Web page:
The literature was instructive and the character types unrealistic and wooden - home fiction was cured as the perfect device to instruct young girls how they should behave and present themselves. However, writers such as Charlotte Mary Yonge and Louisa May Alcott nonetheless were able to write people who did venture beyond the restrictions of assumed stereotypes in understated and understated ways, and unlike authors such as Elizabeth Wetherell, these writers were able to present an alternative solution life for girls through their people, and been successful in upholding society's limits upon girls in the process. Instead of doing nothing at all to challenge these stereotypes and being criticised because of this concern, these writers somehow could actually empower their female audience to move beyond the limitations of their home sphere and live a far more rousing life, or in other circumstances if their feminine characters did eventually conform to the establishment of marriage and a home orientated life-style, they might still have the ability to maintain the attributes which some viewers may have considered 'undesired' and unacceptable. Additionally, with the publication of Little Ladies in 1863, Alcott challenged and been successful in changing what it was to be a young woman in the Victorian years, and for decades to come.

Due to the great popularity of the local fiction genre in the nineteenth century, it is certainly indisputable that the genre had great effect on its viewers, whether it was the impressionable and innocent little girls which read them or the mothers who read them with their children. But an actual question of the particular genre is if the result was constructive in terms of the development of women's privileges and their prospects in life and the development of these position within the interpersonal structure, or whether these books just upheld and supported the out-of-date and strict limitations set after women of the nineteenth century and previous, and reinforced the stereotypes located after them without wanting to make changes to the. I will try to answer this question in the chapters that follow.

Chapter 1:

The embodiment of the womanly ideal: Elizabeth Wetherell, The Wide, Wide World (1850 - released in Britain in 1852)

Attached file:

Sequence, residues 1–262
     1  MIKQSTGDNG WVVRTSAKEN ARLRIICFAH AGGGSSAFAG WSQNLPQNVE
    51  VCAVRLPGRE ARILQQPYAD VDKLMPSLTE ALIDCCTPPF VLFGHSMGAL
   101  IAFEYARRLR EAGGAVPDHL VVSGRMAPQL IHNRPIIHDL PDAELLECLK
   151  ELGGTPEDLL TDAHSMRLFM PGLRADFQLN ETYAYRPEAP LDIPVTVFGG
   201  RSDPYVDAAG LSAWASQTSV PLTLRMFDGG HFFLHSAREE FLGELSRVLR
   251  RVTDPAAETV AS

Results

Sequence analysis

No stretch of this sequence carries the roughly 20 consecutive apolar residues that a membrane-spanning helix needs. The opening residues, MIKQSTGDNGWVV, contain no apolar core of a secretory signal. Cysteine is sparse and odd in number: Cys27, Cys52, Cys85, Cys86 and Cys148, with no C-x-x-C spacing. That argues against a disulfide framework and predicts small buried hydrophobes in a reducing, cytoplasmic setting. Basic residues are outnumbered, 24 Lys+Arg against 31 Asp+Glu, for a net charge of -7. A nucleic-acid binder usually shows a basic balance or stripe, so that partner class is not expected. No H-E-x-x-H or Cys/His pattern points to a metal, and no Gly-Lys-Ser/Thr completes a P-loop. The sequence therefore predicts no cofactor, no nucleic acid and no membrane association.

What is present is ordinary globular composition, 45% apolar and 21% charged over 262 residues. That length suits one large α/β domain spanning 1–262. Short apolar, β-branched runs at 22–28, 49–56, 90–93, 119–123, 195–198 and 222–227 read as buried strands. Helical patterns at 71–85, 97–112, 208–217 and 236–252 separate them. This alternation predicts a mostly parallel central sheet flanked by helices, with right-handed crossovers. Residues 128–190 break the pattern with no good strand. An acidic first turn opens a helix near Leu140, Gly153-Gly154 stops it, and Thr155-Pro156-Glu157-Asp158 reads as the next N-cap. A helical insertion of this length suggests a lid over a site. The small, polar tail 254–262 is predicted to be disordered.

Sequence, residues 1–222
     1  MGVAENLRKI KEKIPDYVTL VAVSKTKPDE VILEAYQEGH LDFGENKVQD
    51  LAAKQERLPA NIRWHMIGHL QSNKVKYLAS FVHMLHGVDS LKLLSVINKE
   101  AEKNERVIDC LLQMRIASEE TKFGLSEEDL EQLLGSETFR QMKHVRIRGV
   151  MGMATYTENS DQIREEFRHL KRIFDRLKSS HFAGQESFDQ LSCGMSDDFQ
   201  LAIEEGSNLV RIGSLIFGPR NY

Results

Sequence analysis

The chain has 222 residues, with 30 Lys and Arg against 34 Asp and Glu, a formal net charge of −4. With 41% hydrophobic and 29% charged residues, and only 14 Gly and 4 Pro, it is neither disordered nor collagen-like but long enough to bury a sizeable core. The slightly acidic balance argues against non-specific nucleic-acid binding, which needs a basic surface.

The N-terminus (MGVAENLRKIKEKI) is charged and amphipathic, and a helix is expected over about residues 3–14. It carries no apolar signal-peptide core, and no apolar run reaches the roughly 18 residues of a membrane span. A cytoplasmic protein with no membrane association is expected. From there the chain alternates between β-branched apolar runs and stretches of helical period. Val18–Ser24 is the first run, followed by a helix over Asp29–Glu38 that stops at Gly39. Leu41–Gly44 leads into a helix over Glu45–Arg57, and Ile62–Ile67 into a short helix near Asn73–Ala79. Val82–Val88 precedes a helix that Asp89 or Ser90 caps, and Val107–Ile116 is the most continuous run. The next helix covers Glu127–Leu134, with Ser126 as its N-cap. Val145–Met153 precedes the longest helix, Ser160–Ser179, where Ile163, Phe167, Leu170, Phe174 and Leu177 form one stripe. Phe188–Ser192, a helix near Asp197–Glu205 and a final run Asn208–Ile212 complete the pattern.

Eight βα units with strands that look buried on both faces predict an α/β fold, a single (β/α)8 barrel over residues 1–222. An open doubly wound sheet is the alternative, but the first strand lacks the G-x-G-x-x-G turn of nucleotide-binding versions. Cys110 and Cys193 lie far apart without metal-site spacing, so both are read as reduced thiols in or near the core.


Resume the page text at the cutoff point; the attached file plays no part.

The female of the mid-nineteenth-century put in the majority of her time in the company of other women and middle-class young ladies in particular put in their time using their moms, their sisters and feminine servants or nannies and also require resided with them in their residences. Their experience was majorly affected and centred around a womanly community, where domesticity and the local role that they would pursue in their futures was central with their lives. As the term implies, domestic literature presented the home and the family as the best context and environment for the character building and moral reformation. Drawing seriously on the 'Sunday school' movement, the genre embodied children with the idea that these were able to change and save others around them through charity, prayer and devotion. Home fiction generally tended to comply with one basic plot line, which presented the story of a young woman (possibly recently orphaned, or separated from her parents) deprived of support she got previously depended on and is also thus faced with the task of making her own way in the odd and unfamiliar outdoor world. Her ego at the outset of the novel is often harmed or is merely non-existent, and she believes that her guardians will always be there to safeguard and 'coddle' her; however she learns painfully that is not the case as she becomes familiar with real life. This is a global in which she is extremely prone - certainly not immune to reduction, pain or hardship as she may have previously been, and she actually is surrounded by people who are much less virtuous than her. The failure of the world to exceed her anticipations awakens the young young lady to her own possibilities, and what she herself is capable of due to her mind-boggling good nature and spirituality. By climax of the book, the young girl would usually come to realize and have confidence in her own worthy of and most notably, will come to comprehend an exceptionally significant Religious value that everything in life, even if it is bad, is caused by God and can eventually lead to something good. Commenting on domestic fiction, Nina Baym describes the genre of the home book in Women's Fiction as 'the storyline of a girl who is deprived of the supports she got rightly or wrongly depended on to maintain her throughout her life and is also faced with the need of being successful her own way on earth. ' Written by Susan Warner and published under the pseudonym Elizabeth Wetherell, The Wide, Wide World is argued to be the novel which first founded the genre of children's home fiction, and one which certainly embodies these characteristics of the local novel.